Arrest came after mental health episode, family says

Anthony Johnson was diagnosed with schizophrenia after serving five years in the Marines, Janell Johnson told the Star-Telegram. He enlisted to follow in his father’s footsteps. When he learned of his diagnosis, he was determined not to let it rule his life. He was taking his medication, learned the signs of an oncoming episode and wasn’t ashamed to ask for help, she said.

That’s what happened on Friday, Janell Johnson said. Her brother noticed the symptoms and went to his mother, asking her to take him back to Millwood Hospital Behavioral Health Center. He’d been there earlier this year when he’d had an episode and Fort Worth police officers trained in mental health had him admitted, and after staying in the center for about a week and a half was released and was able to go on living his life, his sister said.

He hoped that was what would happen again, but Janell Johnson said that when he showed up, staff at the hospital told him he couldn’t stay. He was not showing signs of violence toward himself or others at the time and he was taken home.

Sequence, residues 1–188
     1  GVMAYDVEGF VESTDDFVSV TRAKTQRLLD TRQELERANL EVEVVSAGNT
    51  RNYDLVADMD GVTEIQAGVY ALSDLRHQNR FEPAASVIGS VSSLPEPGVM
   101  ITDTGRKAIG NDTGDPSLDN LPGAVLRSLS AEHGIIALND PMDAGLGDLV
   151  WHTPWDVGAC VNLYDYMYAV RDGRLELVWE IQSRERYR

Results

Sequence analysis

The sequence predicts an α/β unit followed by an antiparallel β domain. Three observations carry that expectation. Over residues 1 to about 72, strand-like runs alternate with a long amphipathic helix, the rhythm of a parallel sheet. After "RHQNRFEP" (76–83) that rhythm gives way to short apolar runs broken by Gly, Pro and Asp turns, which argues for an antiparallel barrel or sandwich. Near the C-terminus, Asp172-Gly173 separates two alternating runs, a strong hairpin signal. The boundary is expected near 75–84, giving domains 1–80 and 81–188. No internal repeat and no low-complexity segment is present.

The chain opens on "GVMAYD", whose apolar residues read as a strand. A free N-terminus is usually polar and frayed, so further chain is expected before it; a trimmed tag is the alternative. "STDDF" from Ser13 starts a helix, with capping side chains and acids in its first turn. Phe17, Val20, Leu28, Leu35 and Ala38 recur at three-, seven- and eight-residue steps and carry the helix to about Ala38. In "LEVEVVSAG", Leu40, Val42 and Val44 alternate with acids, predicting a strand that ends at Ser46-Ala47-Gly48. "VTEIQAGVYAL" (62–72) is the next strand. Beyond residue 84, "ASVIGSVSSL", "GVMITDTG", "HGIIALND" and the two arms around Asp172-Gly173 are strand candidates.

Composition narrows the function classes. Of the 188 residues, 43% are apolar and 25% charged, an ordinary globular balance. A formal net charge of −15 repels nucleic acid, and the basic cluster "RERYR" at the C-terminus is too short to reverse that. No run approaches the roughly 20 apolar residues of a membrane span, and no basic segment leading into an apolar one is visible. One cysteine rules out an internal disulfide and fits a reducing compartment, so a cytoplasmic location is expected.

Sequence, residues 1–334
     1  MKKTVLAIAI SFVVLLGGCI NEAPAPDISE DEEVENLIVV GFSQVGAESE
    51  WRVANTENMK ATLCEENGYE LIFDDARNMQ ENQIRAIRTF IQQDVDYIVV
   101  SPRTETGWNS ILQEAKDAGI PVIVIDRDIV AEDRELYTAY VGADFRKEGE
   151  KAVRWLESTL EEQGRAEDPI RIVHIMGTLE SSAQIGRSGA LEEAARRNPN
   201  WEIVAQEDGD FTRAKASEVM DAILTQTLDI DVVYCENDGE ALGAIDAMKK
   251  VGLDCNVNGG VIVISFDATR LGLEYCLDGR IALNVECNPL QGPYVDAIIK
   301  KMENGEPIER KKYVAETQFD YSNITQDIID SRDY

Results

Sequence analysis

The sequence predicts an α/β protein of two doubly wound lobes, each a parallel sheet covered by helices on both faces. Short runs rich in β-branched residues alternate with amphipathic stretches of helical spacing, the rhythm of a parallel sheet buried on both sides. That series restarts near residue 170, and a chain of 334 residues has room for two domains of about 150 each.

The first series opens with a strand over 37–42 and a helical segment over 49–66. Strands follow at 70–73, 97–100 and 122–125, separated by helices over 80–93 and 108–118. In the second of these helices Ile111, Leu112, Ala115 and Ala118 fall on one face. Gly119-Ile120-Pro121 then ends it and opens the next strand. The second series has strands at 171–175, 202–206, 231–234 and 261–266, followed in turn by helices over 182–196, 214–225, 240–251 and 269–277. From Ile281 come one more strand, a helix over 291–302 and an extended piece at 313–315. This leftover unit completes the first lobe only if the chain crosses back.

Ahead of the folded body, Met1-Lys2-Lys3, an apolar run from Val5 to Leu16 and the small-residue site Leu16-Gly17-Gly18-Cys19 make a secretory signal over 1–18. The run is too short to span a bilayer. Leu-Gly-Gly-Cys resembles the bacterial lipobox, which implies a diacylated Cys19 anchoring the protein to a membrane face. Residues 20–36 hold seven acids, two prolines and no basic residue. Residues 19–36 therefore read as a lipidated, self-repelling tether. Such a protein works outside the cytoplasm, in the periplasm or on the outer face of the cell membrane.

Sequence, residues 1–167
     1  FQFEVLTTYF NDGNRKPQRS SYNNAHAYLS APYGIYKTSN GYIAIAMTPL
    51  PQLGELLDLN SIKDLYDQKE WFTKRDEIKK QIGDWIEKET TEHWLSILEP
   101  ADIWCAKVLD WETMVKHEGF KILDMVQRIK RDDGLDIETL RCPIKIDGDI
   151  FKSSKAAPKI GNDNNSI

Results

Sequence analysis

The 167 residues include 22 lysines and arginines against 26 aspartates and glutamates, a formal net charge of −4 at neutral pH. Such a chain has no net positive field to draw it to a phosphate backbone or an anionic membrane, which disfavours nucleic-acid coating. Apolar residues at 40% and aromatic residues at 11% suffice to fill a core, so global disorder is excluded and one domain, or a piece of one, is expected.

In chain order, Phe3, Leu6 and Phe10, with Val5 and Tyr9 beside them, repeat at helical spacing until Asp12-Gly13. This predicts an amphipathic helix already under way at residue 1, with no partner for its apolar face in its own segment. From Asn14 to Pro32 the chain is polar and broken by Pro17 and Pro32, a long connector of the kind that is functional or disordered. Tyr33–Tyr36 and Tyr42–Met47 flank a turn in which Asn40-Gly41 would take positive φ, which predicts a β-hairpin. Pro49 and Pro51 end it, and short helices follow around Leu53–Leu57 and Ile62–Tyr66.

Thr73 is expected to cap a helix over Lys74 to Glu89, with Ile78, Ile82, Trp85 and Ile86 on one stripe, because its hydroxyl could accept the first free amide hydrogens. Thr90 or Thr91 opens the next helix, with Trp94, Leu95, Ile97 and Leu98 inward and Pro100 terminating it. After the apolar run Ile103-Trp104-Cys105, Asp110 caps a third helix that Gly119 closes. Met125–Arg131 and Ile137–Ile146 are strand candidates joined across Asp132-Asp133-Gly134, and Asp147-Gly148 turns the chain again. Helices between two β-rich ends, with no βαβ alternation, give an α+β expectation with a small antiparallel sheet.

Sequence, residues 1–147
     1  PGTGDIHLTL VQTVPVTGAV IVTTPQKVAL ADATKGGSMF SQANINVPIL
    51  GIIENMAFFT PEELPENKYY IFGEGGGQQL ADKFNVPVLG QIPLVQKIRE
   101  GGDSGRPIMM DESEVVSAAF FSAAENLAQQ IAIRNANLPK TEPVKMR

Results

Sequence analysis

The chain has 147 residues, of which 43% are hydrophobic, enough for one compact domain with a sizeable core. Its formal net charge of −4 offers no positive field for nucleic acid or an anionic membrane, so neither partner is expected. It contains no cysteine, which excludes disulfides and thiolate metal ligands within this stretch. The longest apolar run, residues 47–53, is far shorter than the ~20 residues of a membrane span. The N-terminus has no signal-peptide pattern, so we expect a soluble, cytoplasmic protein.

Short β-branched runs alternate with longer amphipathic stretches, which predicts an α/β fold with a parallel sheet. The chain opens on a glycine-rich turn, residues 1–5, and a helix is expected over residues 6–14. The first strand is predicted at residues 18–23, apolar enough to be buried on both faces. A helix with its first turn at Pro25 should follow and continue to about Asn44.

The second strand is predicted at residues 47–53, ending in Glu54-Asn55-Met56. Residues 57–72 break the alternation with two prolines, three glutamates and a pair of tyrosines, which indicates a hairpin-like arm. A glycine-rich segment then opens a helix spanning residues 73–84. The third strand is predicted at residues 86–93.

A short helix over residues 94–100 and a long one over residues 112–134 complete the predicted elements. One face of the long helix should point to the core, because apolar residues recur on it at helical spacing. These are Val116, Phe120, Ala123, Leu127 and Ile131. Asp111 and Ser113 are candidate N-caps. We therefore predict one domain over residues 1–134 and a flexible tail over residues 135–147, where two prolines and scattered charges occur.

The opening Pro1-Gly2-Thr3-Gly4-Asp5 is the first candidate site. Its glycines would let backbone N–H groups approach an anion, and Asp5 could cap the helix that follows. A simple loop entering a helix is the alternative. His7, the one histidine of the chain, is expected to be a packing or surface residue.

A spokesperson for Millwood Hospital could not immediately be reached Tuesday afternoon for comment.

Johnson was arrested later that day. He called his family from the jail around 1 p.m. Saturday, Janell Johnson said. He seemed to be doing better. He was looking forward to getting better and getting out, he said in the phone call.

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A brother, uncle, son and friend

Janell Johnson said her brother was always a warm, caring person. He had a sense of humor that could make just about anything fun, and his intelligence was baffling. He would constantly surprise his family and friends with what he knew, and teaching others brought him joy.

She remembered when the two of them were kids and Anthony Johnson went to the YMCA to take swimming classes. He would come home and immediately start sharing what he’d learned.

“He told me the water’s not that scary, you just have to jump in,” Janell Johnson said. “I learned how to swim just because of him.”

Anthony Johnson would also make sacrifices for the people he cared about, as if it was nothing, his sister said. Janell Johnson is a single mother, but she wasn’t raising her son alone because her brother always wanted to find new ways to help out.